This guest post is written by Supriyo “SB” Chatterjee
There is a growing body of research that points to the impact that social entrepreneurship can have on persistent issues of health equity and disparities in Connecticut. The Connecticut Institute for Clinical and Translational Science (CICATS) at the University of Connecticut Health Center recently launched ‘The Journal of Racial and Ethnic Health Disparities’ to study the subject comprehensively. Resolving the pervasive issues is no easy task – one way would be to unleash Social Enterprises (‘Benefit Corporations’) that can provide a more positive social change.
Social Entrepreneurship is founded on the basic idea of a market-driven & self-sustaining business that delivers innovative solutions to resolve social problems. It does so, by putting ‘purpose before profit’. Its business structure stands in between a non-profit and for-profit entity – bringing in the best of both worlds without dependence on public funds or philanthropy.
With tighter government budgets and diminishing philanthropic grants and contributions, Social Entrepreneurship with its social innovation in business and technology can help mitigate health disparities. There are a number of things the state can do to support the efforts of social entrepreneurs.
Governor’s Senate Bill 23, An Act Concerning Benefit Corporations and Encouraging Social Enterprise, currently in the Connecticut’s 2014 legislative session provides a way of formalizing and supporting the business structure of Social Enterprises (or ‘Benefit Corporations’). On February 27, 2014 I presented testimony supporting the legislation at a public hearing and shared my thoughts about how Social Enterprises can address the social & economic problems related to public health and healthcare in Connecticut. I was pleased, along with many other advocates to learn on March 11, 2014 that the Commerce Committee voted to move S.B. 23 bill forward taking it one step closer to becoming state law!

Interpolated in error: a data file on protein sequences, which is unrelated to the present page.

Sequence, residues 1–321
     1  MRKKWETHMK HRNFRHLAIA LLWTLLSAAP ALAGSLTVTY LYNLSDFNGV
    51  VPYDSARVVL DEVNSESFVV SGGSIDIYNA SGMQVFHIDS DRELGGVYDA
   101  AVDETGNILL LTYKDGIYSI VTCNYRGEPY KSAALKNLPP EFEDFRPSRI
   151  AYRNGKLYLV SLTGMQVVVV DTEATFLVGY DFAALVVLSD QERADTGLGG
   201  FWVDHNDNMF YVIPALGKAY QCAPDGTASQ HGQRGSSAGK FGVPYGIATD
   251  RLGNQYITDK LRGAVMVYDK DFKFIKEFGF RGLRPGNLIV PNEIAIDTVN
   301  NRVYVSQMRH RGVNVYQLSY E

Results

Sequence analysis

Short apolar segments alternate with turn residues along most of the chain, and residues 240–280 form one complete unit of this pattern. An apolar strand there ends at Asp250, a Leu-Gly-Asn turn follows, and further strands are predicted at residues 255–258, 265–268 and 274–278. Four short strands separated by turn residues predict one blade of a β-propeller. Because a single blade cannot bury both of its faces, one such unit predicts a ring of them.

Currently, there are business entities like Many Mentors – a non-profit that supports STEM education to middle & high school students that plans to become a ‘Social Enterprise’ once the S.B. 23 legislation is passed. This will allow Many Mentors to scale up their business model and expand their work with greater effectiveness – helping students develop their careers in the health and medical fields.
There are additional areas social entrepreneurs can support health equity. In community health research, a Social Enterprise’s role as a liaison can provide services that are more community owned and managed – this achieves more effective interventions and positive results for the community.
The U.S. Department of Health & Human Services’ Office of Minority Health has launched the 2013 National CLAS Standards to help eliminate health disparities and improve health equity and quality. Social Enterprises with its measurable goals of social impact and business networks and cost-effectiveness can help implement and adopt the National CLAS Standards in the health industry. Similarly, the 2010 Affordable Care Act’s provisions for health disparities can also be effectively addressed by Social Entrepreneurship’s innovation and technical prowess.
The Connecticut health ecology consists of three major medical colleges and a large health industry that employs over 200,000 jobs and generates annual revenue of over $140 billion! With Social Enterprises in this environment, it can have a greater social impact and extend health equity.
I welcome your questions and comments below and encourage you to Get Involved! – Contact your Legislator and help bring Social Entrepreneurship into Connecticut.
Supriyo “SB” Chatterjee is a Healthcare Technology entrepreneur. He coaches & mentors several startups in Connecticut and is one of the judges of the Hartford SC2 Business Development Contest. Connect with him on Twitter @sbc111 and LinkedIn.